A western-style sitting toilet is available on board with baby changing facilities.

An area with a wash basin is also available outside the toilet.

An empty counter is located at the Green Car, most likely for previous catering services which are no longer available.

Perhaps this frame was for displaying the menu.

Sunagawa Station

Making a brief stop at Sunagawa Station.

Takikawa Station

Making a brief stop at Takikawa Station.

Fukagawa Station

Making a brief stop at Fukagawa Station.

About half of Car 4 was emptied out by now.

Asahikawa Station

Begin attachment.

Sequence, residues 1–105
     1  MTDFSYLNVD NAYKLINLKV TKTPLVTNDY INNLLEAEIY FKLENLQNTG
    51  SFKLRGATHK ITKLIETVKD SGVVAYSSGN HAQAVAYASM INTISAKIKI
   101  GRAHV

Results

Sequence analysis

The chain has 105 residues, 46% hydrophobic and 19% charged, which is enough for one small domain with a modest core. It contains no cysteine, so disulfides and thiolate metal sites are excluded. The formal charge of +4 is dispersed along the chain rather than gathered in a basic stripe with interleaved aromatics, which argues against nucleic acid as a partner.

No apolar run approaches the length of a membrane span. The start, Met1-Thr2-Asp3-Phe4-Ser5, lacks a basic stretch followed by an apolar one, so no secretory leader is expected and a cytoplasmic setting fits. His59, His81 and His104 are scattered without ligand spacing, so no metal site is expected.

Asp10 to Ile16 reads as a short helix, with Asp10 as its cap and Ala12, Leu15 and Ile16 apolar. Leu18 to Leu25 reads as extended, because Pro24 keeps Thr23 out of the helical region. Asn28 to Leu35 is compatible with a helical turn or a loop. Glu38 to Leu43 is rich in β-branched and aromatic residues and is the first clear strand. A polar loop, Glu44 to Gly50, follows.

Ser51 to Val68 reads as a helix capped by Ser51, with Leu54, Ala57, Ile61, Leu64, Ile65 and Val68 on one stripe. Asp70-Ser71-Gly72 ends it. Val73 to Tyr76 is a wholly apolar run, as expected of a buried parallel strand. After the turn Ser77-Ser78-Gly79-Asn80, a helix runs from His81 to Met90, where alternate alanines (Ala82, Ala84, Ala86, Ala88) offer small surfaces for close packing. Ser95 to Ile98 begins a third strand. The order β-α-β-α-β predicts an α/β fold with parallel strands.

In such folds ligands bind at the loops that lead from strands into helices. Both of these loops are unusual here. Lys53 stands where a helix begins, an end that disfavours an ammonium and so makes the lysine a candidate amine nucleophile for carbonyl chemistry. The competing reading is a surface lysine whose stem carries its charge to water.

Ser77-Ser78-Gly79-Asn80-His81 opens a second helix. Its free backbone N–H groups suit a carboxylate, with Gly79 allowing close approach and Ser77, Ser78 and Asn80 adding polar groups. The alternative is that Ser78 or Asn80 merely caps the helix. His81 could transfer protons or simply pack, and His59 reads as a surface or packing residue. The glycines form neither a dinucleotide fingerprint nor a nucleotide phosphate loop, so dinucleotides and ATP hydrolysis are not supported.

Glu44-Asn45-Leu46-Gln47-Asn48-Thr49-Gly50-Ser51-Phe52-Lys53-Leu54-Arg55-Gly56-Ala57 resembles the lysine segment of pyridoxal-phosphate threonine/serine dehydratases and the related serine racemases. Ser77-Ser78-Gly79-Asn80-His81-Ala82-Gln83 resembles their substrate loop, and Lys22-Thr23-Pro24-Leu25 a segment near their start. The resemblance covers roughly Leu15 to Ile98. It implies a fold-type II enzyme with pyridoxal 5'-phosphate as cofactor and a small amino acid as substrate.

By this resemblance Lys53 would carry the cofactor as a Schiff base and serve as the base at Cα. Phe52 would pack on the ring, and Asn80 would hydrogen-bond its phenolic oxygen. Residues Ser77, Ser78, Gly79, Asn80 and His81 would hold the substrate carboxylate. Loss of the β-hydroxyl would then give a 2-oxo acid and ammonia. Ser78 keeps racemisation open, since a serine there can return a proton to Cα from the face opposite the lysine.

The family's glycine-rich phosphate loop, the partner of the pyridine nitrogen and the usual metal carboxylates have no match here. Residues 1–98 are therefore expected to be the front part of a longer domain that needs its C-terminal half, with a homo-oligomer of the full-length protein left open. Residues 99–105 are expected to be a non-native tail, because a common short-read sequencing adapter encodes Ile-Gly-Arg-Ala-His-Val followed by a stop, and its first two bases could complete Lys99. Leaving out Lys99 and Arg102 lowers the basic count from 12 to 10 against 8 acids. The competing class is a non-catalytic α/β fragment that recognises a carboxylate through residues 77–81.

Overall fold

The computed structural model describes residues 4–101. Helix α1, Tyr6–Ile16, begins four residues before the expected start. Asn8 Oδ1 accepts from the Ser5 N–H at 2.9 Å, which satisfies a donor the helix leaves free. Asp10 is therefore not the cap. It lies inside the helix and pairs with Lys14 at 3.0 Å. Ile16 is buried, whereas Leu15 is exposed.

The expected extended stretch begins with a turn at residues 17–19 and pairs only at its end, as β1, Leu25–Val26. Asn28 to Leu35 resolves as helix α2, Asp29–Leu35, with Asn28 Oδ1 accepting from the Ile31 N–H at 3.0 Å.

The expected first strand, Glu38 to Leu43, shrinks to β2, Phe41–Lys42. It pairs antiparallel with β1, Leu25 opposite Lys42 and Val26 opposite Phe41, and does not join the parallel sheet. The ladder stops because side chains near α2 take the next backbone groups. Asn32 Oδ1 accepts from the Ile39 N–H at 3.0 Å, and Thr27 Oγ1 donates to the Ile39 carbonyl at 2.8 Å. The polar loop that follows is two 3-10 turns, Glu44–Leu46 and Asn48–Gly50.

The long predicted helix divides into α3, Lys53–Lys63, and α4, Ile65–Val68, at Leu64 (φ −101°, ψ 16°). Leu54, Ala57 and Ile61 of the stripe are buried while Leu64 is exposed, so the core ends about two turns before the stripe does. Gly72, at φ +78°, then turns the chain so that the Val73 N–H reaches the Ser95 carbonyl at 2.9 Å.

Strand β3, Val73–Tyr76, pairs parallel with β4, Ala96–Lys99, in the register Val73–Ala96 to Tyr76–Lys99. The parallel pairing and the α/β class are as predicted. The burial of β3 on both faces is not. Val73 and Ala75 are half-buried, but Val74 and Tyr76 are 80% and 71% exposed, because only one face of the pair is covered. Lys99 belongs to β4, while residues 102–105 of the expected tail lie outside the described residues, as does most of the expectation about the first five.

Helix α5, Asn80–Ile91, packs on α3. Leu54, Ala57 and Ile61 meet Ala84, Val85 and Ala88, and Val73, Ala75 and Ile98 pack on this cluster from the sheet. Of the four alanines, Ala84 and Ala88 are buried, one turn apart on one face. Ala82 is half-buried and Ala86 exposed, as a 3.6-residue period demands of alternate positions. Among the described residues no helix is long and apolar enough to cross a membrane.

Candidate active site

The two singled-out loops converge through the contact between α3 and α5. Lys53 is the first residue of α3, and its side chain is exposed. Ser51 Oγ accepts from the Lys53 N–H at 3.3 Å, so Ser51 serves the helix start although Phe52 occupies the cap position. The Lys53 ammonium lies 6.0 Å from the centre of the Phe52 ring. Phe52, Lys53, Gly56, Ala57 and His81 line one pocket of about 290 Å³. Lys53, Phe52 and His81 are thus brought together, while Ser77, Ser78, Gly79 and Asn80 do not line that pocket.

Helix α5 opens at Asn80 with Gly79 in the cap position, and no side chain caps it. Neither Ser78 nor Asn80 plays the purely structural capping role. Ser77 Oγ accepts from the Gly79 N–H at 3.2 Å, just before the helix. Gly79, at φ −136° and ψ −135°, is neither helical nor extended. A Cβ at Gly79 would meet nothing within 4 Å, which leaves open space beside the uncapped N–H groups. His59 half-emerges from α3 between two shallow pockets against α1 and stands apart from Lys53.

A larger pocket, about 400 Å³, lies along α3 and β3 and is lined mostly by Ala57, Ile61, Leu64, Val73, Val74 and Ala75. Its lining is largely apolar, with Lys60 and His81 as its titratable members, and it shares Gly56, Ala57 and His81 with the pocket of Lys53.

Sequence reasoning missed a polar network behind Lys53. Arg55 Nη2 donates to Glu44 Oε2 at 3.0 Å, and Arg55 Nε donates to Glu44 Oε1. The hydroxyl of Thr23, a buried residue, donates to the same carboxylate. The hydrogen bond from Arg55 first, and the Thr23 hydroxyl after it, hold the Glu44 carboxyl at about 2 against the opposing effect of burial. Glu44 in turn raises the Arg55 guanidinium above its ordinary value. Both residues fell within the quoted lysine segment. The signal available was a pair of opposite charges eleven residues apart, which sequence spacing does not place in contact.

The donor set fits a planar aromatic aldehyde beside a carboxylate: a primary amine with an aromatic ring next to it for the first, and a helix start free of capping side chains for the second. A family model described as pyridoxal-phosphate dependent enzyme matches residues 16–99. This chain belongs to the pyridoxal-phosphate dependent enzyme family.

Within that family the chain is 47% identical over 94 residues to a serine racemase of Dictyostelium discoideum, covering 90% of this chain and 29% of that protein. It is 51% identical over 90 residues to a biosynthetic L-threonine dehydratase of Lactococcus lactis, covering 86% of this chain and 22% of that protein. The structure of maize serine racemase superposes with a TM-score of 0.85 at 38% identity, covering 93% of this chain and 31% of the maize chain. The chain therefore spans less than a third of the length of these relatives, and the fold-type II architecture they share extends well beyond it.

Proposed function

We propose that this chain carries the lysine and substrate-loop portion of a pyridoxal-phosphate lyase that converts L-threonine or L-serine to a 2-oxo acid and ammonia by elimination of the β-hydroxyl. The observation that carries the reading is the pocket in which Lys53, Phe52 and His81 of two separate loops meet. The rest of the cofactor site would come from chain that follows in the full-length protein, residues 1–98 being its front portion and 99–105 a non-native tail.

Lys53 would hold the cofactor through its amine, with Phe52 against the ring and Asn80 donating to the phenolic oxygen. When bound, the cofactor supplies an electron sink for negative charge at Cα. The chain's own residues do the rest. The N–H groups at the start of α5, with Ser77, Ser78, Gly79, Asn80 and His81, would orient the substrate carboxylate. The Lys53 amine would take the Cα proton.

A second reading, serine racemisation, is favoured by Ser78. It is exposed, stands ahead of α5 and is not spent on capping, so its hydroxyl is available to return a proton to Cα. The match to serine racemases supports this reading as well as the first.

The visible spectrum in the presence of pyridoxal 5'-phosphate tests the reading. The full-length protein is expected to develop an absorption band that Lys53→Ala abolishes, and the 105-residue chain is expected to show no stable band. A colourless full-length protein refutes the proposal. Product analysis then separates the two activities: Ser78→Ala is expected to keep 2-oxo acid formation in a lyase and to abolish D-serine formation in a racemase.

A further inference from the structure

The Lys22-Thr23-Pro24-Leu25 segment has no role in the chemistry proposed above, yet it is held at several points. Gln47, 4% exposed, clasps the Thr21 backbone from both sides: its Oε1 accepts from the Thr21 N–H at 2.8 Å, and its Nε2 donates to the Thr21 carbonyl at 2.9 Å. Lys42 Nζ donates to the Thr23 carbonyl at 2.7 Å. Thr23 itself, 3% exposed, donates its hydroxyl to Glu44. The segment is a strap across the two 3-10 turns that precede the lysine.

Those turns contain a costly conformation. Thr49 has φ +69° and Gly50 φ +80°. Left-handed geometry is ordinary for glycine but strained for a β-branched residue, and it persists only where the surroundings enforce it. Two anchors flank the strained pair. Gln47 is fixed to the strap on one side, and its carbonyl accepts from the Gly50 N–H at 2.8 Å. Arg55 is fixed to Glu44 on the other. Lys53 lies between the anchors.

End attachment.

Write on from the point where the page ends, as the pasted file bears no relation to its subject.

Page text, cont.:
Arriving at Asahikawa Station with most passengers ready to get off. The Limited Express Okhotsk 3 arrived at Asahikawa Station on time at 7.05pm.

Almost the entire train alighted at Asahikawa, leaving behind an almost-empty Non-Reserved Seat car onwards to Abashiri.

The exterior of the train car is not in good shape.

The Limited Express Okhotsk 3 stops at Asahikawa Station for 3 minutes for a crew change and to cater to the many alighting passengers.

The layout of the train cars and corresponding waiting door numbers are indicated on the information screen at the platform.

The Limited Express Okhotsk 3 continued on to Kamikawa, Shirataki, Maruseppu, Engaru, Ikutahara, Rubeshibe, Kitami, Bihoro, Memanbetsu, and Abashiri where it terminates.

The empty Asahikawa Station platforms with only trainspotters and staff left.

Heading down the escalator from the platform.

Heading out of Asahikawa Station through the west gates.

The façade of Asahikawa Station at night.